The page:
Star-crossed Lovers or Just Unfortunate Circumstance Romeo and Juliet by William Shakespeare

Essay by shurushaJunior High, 9th gradeA+, December 2009

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It has been a common question what brought Romeo and Juliet to fall in love and later commit suicide. Some believe that in the play Romeo and Juliet by William Shakespeare it is fate that brings the tragedy upon the houses of Lord Montague and Lord Capulet. Yet others see at as unfortunate circumstance. "Two households, both alike in dignity (In fair Verona, where we lay our scene), From ancient grudge break to new mutiny, Where civil blood makes civil hands unclean. From forth the fatal loins of these two foes… Doth with their death bury their parents' strife. The fearful passage of their death-marked love And the continuance of their parents' rage, Which, but their children’s end, naught could remove…” (Prologue, 1-14). Circumstance plays a major role in the tragedy of Romeo and Juliet. The driving power of this play is in the actions the characters engage in and circumstances that they encounter.

Fate is considered to be a power that settles ahead of time how things will happen in life, but circumstance controls what happens to Romeo and Juliet and their choices contribute more to the outcome of their lives than fate. Choices like, going to a party, getting into fights, and further on buying poison.

To begin with, the feud between the Montague's and Capulets, is an unfortunate circumstance, into which Romeo and Juliet have been born. This feud actually begins a series of other circumstances contributing to their deaths. It is said the fate determined when Romeo and Juliet die and fall in love. However, as seen in the play and further in the movie the town that the two families live in is very small and it is common for the 2 families to meet and continue their feud. Therefore, it is not unexpected that Romeo and Juliet meet. Everything in the story fallows a chain reaction of circumstances. If the Capulets had not thrown a party Romeo would most likely keep on grieving about Rosalyn and could have never fallen in love with Juliet. It just happened to be that the servant was illiterate “God 'i' good e'en. I pray, sir, can you read?” (I, ii, 55) and he needed help and as a result invited Romeo to “crush a cup of wine” (I, ii, 74) at Lord Capulet’s party. These actions depict the beginning and provide a layout for further events and their effects on Romeo and Juliet’s lives.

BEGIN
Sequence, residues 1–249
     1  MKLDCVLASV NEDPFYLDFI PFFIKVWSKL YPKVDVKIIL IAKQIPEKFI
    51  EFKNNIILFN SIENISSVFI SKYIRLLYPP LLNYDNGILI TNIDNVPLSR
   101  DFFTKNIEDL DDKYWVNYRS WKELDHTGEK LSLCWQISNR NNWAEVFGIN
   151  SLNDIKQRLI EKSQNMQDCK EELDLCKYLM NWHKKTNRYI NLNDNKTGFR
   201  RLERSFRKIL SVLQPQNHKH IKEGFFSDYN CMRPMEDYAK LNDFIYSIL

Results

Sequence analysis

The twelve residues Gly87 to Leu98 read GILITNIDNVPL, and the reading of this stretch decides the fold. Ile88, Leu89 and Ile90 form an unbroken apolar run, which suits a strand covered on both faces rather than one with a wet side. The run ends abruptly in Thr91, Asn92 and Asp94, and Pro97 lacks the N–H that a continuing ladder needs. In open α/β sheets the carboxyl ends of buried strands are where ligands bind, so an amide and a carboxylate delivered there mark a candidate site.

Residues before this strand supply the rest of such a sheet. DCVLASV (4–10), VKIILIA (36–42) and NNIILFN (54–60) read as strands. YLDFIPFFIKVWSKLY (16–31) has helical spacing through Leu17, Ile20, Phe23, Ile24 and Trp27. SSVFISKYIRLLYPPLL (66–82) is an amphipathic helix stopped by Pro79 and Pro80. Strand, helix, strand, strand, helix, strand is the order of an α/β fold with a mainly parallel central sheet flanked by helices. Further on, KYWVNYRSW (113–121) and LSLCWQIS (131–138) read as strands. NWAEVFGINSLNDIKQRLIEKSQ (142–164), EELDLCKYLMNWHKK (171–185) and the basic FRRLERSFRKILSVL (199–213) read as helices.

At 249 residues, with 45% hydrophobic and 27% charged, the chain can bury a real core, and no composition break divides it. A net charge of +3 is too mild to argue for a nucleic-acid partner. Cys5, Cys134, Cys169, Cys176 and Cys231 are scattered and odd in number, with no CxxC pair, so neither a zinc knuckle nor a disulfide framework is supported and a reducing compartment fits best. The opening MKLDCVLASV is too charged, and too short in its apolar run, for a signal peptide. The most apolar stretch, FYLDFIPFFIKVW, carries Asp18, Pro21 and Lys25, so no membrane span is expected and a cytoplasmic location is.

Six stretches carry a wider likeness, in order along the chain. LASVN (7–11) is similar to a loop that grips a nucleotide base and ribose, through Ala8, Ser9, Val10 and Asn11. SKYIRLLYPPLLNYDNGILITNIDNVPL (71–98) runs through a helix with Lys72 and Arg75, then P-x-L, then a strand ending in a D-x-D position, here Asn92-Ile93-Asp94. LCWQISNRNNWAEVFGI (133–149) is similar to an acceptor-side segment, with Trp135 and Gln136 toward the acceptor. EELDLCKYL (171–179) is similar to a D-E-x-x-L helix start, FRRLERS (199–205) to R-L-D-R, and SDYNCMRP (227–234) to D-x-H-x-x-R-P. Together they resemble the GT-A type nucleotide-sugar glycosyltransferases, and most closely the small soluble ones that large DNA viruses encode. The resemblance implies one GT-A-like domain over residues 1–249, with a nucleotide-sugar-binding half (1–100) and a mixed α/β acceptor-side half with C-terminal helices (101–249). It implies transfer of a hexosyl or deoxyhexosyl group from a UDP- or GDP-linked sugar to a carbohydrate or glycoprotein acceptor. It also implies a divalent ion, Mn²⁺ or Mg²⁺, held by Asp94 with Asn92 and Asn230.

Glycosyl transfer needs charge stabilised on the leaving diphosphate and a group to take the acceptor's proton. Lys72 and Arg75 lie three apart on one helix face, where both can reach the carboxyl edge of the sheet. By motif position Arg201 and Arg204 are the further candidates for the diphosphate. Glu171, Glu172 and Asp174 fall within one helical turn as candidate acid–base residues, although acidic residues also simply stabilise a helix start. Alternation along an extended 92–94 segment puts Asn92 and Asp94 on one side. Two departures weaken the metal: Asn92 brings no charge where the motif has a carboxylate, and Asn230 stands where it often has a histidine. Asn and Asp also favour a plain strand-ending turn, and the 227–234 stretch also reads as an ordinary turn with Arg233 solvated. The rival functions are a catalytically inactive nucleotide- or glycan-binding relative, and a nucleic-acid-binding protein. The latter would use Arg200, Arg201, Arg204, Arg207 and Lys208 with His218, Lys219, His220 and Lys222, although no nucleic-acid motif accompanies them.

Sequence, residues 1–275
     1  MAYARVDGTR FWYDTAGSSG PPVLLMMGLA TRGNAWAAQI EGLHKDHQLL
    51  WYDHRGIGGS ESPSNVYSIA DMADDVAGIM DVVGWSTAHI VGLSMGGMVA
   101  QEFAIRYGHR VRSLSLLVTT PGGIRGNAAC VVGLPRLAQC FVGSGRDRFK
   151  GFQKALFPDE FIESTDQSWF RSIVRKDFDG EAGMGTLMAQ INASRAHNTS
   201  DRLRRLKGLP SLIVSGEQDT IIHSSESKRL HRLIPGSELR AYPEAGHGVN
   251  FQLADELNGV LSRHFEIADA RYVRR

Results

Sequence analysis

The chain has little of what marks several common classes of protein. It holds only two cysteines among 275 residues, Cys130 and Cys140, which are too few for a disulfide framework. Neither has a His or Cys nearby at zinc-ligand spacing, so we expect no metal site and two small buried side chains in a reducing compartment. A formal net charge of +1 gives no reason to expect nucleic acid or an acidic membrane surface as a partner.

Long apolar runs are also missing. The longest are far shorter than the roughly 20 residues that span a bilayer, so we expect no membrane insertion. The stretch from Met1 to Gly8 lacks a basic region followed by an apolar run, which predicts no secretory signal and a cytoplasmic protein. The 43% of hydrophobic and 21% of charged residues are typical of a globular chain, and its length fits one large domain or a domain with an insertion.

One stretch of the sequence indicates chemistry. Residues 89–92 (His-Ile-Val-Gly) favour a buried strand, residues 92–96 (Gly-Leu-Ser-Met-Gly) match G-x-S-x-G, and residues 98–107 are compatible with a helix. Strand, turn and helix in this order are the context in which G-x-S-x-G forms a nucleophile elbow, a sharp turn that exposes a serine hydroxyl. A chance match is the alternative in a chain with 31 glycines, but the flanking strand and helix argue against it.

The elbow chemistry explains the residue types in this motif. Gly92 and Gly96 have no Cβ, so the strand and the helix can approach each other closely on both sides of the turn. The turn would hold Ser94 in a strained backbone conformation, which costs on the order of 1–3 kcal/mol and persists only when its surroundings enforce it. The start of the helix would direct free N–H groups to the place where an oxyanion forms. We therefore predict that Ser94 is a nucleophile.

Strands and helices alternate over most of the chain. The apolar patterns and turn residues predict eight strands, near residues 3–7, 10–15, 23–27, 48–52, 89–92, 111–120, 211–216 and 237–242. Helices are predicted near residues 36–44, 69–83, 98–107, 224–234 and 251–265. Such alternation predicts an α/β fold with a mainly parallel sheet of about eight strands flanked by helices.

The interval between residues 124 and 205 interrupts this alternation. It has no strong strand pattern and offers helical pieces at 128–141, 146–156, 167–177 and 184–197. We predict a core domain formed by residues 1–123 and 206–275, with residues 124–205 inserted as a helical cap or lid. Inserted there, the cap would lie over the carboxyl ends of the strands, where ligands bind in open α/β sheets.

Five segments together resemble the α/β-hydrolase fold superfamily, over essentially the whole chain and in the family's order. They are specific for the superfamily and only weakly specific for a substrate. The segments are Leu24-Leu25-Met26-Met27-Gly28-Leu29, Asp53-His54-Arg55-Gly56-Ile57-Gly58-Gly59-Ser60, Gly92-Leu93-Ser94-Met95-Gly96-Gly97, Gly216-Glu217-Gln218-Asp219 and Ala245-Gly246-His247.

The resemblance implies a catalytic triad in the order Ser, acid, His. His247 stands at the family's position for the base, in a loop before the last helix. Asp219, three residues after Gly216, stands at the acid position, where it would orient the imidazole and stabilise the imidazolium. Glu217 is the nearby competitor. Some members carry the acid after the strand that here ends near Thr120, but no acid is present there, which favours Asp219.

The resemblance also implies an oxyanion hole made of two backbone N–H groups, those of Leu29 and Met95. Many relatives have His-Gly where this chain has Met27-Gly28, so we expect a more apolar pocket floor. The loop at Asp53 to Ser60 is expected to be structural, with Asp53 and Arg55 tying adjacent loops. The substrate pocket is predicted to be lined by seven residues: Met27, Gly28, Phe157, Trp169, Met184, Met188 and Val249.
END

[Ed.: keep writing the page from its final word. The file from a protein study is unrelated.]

Going forward, the feelings and actions of other characters in the story also contribute to Romeo and Juliet's deaths. When Romeo shows up at the Capulet party, Tybalt finds out that there is a Montegue present and became very angry and says, "I'll not endure him"(I.V.73). This act later leads to a fight under which circumstance leads to the deaths of two people, Tybalt and Mercutio. Tybalt kills Mercutio and Romeo becomes furious and as an end result he kills Tybalt. Romeo is then banished to Mantua because of his crime. This incident leads to him not being informed about the Friar’s and Juliet's plan about a sleeping potion. One of Juliet's mistakes was taking the potion because there was a lot of easier ways that would have solved her problem besides pretending to be dead. For one thing Rome and Juliet could have run away and it would, be much less hurtful to their parents and odds are more successful.

Also, when Friar Lawrence sends a fellow Friar John to send Romeo a message he is me by ill-timed situation. It could not have been fate that caused disease at that time to stop Friar John so it had to be unlucky conditions. This unlucky condition has Friar John quarantined by authorities on his journey “Sealed up thy doors and would not let us forth. So that my speed in Mantuna there was stayed.” (V, iii, 11-12) Balthazar Romeo’s servant who was not informed about Friar Lawrence’s plan gets to Romeo first and gives Romeo false information that “Her body sleeps in Capel’s monument.” (V, i, 18) This action causes Romeo to think Juliet's dead and he buys poison from an apothecary who lives in bad conditions and desperately needs money and therefore, breaks the law to sell Romeo the poison. Without the circumstance of the poor apothecary, Romeo might not have had the mind set to commit suicide. In a final unfortunate circumstance, Romeo meets Paris at the tomb and in a wave of grief and anguish kills him. Realizing what he did he was in such pain that he does not recognize Juliet's "Is crimson in thy lips and in thy cheeks" (V.iii.96) as a sign that she lives. Instead, in a final twist of circumstance, Romeo kills himself just before Juliet awakens. Once again an action always has a reaction and when Juliet wakes up and sees her true love dead she too kills herself to join him in the afterlife. The characters are driven by feelings and quick thinking and not by fate.

All of these factors were major influences of lovers' deaths. Without the feud life for Romeo and Juliet would have been different. It is no wonder people say love is chemistry not only because some elements and combinations don’t work, but because every action has a reaction. Thus, if Romeo had never snuck into the party at the first place nothing would have ever happened and Romeo would have probably ended up alive. The conclusion that can be drawn is fate did not play much of a role where as circumstance propelled the story forward and the characters actions led to their own downfall.

Works Cited:"Romeo and Juliet: Entire Play." The Complete Works of William Shakespeare. Web. 12 Dec. 2009. .